4.1 Estimating radiation budgets using elevation


Many environmental processes are dependent on terrain and its effects on insolation (incoming sunlight). For example, in the northern hemisphere patches of snow will often last longer into summer on north-facing slopes and trees may grow more quickly on sunnier south-facing slopes. The rate of evapo-transpiration may be lower in shadowy valley bottoms. This object examines how Digital Elevation Models (DEMs) can be used to assess the effects of terrain on radiation budgets. Consideration of the numerous factors influencing the impact of insolation on a land surface helps to reveal the importance of using DEMs rather than two-dimensional GIS representations for practical management operations. A thought-provoking short article on how slope and aspect impact on insolation and thus on the flavour of a glass of wine is presented by Wooldridge and Beukes (2005).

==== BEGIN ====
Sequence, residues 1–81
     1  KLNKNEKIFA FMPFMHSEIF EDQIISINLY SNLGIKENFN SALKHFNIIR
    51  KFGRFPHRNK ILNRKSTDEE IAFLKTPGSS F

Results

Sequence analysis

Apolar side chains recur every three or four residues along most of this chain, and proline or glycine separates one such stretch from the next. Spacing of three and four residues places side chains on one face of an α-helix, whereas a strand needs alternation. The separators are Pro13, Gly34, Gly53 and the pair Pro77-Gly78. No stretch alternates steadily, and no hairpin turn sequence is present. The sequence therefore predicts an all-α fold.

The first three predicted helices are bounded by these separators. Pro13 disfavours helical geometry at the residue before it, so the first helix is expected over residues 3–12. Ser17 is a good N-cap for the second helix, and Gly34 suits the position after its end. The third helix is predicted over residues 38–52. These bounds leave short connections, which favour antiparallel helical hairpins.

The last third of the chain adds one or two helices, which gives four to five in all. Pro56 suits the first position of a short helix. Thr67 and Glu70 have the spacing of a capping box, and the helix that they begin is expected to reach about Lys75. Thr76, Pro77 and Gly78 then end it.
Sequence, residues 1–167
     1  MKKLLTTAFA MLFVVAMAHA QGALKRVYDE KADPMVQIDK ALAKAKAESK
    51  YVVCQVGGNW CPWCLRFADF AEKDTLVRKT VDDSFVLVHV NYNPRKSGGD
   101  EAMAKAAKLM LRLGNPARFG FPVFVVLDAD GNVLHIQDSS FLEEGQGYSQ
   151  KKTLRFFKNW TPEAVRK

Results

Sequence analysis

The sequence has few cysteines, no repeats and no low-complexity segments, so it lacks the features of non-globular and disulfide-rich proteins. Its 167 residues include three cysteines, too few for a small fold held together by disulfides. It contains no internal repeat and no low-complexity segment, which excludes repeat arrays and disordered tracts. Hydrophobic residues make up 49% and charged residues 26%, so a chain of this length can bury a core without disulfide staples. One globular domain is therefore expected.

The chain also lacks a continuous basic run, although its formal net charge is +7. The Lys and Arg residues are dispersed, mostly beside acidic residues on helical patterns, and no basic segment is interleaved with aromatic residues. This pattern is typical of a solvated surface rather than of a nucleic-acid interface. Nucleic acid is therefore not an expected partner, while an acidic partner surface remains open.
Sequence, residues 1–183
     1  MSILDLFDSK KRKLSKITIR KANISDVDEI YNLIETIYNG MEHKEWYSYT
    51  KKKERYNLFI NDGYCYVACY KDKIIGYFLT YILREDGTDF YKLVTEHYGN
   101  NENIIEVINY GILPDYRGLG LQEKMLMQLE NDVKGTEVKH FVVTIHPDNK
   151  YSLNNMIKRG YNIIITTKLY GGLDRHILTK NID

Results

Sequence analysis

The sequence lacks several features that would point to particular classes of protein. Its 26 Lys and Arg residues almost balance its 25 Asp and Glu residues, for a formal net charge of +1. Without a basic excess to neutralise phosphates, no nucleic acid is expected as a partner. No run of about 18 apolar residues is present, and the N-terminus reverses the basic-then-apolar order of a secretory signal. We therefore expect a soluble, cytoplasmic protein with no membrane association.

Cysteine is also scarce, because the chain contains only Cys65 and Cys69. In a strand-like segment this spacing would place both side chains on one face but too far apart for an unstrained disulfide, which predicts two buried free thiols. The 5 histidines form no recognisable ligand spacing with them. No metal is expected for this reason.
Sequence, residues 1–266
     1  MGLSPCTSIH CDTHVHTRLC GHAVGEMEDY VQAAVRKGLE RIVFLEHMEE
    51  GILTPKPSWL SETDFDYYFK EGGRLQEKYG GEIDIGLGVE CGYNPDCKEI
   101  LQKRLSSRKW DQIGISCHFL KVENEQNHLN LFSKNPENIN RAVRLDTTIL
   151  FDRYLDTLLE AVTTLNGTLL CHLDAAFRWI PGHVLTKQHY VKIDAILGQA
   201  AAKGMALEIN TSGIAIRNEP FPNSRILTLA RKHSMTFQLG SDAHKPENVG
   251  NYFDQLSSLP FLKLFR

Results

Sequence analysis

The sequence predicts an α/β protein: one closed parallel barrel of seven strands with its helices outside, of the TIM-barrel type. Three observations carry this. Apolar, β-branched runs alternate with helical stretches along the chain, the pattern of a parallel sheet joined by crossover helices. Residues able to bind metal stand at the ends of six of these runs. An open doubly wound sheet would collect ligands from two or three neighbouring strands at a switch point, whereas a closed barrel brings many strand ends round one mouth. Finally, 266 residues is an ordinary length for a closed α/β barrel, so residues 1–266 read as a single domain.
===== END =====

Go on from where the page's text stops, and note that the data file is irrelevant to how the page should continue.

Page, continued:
Insolation is defined as ‘solar radiation received at the Earth’s surface

Whiteman (2000)


The standard GIS tools – slope, aspect, and analytical hillshading

Many of the standard GIS tools can help to understand how radiation budgets vary with terrain. Most GIS software can calculate slope (derived from the relative elevation of adjacent locations) and aspect (direction of slope), which will indicate whether slopes are north- or south-facing. Many GIS systems also calculate the amount of light falling on different grid squares within a DEM. This is sometimes known as analytical hillshading or relative illumination.